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Curr Biol. 1998 Dec 3;8(24):1310-21.

Interaction of yeast Rvs167 and Pho85 cyclin-dependent kinase complexes may link the cell cycle to the actin cytoskeleton.

Author information

1
Department of Molecular and Medical Genetics University of Toronto Toronto Canada.

Abstract

BACKGROUND:

. PHO85 encodes the catalytic subunit of a cyclin-dependent kinase (Cdk) in budding yeast and functions in phosphate and glycogen metabolism. Pho85 associated with the G1 cyclins Pcl1 and Pcl2 is also required for cell cycle progression in the absence of the Cdc28 cyclins Cln1 and Cln2. Loss of Pcl1, Pcl2 and related Pho85 cyclins results in budding defects, suggesting that Pcl-Pho85 complexes function in cell morphogenesis early in the cell cycle; their precise role is not clear, however.

RESULTS:

. To identify targets for Pcl-Pho85 kinases, we performed yeast two-hybrid interaction screens using Pcl2 and the related cyclin Pcl9. We identified RVS167, a gene involved in endocytosis, organization of the actin cytoskeleton, and cell survival after starvation. Like rvs167Delta mutants, pho85 mutants or strains deleted for the Pcl1,2-type Pho85 cyclins showed abnormal cell morphology on starvation, sensitivity to salt, random budding in diploids, and defects in endocytosis and in the actin cytoskeleton. Overexpression of Rvs167 in wild-type cells caused morphological abnormalities and growth arrest at high temperatures; these phenotypes were exacerbated by deleting PHO85. Rvs167 has a Src homology 3 (SH3) domain and five potential Pho85 phosphorylation sites; recombinant Rvs167 was phosphorylated by the Pcl2-Pho85 kinase in vitro. Maximal phosphorylation of Rvs167 in vivo required Pho85 and the Pcl1,2-type cyclins.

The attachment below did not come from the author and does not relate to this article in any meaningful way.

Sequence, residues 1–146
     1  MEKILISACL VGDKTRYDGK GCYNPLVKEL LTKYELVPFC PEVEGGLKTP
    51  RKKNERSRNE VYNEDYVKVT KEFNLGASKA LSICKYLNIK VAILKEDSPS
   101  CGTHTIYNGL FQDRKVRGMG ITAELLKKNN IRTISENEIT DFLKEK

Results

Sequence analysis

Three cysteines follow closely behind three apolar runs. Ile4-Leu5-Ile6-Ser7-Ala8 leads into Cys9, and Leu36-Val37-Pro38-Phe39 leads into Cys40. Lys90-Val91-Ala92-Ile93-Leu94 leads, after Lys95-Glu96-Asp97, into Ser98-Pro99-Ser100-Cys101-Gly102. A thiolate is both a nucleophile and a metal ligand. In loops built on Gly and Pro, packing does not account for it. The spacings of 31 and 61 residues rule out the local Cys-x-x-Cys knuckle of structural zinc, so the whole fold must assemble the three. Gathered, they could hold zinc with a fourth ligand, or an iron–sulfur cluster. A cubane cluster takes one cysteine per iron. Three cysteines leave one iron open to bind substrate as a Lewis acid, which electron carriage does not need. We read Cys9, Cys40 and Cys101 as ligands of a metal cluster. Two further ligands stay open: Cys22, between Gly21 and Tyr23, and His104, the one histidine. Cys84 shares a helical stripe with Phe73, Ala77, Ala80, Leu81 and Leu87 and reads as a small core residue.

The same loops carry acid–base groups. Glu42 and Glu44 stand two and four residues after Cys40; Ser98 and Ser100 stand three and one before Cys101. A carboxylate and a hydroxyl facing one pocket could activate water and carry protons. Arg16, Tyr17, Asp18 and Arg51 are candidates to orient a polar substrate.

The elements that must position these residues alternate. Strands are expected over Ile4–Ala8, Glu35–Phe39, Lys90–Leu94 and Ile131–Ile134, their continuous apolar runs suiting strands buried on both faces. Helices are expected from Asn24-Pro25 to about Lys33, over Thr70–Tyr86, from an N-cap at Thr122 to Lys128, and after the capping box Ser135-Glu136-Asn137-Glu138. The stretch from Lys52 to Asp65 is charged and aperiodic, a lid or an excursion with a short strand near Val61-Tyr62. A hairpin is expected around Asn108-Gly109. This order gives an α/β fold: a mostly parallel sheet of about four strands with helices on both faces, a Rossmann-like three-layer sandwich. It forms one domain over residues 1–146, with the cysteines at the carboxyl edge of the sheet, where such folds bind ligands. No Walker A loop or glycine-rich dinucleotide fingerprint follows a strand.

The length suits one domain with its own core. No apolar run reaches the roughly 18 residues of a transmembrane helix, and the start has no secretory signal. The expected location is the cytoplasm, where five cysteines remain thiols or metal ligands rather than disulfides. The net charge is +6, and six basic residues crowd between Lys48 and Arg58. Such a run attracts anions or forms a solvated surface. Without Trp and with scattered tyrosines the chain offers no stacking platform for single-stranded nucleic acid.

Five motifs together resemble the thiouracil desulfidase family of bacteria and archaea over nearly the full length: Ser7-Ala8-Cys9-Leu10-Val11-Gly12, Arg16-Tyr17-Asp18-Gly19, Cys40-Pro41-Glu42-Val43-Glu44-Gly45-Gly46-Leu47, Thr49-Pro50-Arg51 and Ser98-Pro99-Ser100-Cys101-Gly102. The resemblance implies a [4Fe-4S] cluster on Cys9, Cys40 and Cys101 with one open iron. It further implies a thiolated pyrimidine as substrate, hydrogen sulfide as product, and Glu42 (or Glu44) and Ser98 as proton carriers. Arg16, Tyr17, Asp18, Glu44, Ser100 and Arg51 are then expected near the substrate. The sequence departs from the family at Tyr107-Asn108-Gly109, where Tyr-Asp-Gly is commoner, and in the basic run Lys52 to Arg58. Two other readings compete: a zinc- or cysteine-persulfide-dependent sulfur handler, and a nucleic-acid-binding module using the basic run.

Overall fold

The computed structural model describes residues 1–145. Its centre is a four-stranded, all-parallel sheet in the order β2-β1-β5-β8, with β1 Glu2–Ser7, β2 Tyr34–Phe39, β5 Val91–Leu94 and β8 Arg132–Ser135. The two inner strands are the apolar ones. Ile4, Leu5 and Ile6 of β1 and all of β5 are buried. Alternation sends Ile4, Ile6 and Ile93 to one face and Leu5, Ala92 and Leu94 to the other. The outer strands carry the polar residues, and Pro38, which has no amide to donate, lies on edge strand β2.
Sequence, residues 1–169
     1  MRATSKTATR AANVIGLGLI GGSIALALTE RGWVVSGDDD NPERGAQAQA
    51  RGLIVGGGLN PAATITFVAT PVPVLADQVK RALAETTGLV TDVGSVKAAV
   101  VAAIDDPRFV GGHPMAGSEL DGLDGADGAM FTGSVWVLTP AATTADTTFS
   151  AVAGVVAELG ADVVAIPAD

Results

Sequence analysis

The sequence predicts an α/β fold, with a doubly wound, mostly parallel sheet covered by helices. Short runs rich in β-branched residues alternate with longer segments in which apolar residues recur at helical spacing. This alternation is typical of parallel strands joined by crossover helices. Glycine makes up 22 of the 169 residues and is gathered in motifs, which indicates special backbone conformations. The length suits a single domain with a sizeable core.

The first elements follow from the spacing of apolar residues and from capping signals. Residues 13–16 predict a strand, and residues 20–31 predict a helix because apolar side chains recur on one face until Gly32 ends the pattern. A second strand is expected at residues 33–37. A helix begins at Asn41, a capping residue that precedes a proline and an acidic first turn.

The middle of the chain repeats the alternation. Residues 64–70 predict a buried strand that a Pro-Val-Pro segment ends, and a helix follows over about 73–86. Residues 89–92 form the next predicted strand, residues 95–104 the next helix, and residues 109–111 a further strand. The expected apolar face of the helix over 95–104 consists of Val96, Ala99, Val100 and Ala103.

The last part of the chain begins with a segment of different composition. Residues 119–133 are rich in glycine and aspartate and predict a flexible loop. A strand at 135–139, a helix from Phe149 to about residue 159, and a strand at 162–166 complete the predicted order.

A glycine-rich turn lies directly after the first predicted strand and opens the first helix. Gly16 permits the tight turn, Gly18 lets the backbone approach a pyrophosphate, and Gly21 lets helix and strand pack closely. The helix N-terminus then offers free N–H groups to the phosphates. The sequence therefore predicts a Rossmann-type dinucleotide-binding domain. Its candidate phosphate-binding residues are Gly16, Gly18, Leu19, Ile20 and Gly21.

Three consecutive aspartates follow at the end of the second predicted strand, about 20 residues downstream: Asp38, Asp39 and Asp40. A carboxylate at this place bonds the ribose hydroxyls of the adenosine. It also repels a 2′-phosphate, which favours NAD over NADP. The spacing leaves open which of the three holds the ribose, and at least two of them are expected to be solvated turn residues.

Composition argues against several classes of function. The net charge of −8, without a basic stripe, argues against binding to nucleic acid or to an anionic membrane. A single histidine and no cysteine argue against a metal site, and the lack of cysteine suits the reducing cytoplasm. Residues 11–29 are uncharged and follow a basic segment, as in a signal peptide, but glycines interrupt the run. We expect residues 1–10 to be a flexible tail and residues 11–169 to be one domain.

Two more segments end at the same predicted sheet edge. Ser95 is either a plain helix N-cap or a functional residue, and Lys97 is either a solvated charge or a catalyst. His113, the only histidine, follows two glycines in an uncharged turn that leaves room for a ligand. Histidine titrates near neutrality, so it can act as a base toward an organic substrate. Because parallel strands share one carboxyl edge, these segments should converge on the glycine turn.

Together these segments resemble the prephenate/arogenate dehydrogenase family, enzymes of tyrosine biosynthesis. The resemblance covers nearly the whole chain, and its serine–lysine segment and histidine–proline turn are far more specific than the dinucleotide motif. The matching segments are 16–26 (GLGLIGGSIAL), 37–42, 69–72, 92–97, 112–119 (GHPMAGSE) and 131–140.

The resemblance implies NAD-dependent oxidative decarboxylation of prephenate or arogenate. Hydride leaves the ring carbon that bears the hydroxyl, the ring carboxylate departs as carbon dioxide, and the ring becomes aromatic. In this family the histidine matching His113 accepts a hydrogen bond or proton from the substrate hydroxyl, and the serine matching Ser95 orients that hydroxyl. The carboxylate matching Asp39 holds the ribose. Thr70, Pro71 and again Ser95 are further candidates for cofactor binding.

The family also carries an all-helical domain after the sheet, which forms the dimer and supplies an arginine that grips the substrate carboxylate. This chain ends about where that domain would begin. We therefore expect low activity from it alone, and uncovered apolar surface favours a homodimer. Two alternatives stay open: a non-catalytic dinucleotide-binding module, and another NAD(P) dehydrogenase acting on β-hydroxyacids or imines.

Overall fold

CONCLUSIONS:

. Rvs167 interacts with Pho85 cyclins and is implicated as a target of Pho85 kinases in vivo. Our results identify a connection between Cdks and the actin cytoskeleton; interaction of Rvs167 and Pcl-Pho85 Cdks might contribute to actin cytoskeleton regulation in response to stresses such as starvation.

PMID:
9843683
DOI:
10.1016/s0960-9822(07)00561-1
[Indexed for MEDLINE]
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